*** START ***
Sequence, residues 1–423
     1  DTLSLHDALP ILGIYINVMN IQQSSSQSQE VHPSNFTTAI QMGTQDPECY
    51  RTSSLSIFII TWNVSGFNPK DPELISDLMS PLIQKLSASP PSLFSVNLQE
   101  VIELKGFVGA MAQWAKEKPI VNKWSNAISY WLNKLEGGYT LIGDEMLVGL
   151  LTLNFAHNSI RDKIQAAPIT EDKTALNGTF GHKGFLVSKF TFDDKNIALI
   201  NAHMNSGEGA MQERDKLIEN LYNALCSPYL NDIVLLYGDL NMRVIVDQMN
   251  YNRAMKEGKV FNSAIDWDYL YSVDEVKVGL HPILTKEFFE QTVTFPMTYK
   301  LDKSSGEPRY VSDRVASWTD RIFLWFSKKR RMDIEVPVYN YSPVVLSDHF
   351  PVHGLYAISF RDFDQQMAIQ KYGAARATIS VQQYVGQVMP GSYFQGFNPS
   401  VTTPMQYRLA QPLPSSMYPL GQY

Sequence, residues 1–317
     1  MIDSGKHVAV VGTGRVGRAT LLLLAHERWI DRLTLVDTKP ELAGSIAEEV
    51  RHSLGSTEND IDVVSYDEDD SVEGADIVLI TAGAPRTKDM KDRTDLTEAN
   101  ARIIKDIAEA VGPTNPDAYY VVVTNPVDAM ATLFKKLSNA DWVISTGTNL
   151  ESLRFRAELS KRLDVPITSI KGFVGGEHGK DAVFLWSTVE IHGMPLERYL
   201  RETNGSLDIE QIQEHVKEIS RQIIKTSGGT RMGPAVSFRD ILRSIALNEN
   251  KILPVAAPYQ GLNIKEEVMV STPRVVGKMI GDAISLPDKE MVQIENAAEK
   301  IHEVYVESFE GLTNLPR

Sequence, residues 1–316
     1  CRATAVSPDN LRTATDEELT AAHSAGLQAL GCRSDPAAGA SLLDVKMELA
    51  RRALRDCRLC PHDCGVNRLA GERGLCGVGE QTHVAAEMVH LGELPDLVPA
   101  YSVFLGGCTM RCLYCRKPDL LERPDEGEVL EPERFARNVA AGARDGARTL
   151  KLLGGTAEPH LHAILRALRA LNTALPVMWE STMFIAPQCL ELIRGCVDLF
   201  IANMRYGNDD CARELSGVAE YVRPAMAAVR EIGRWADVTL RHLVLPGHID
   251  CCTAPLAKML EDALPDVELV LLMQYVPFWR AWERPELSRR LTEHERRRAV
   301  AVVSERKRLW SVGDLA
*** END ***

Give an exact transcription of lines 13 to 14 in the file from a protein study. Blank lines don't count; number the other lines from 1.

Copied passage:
    51  RHSLGSTEND IDVVSYDEDD SVEGADIVLI TAGAPRTKDM KDRTDLTEAN
   101  ARIIKDIAEA VGPTNPDAYY VVVTNPVDAM ATLFKKLSNA DWVISTGTNL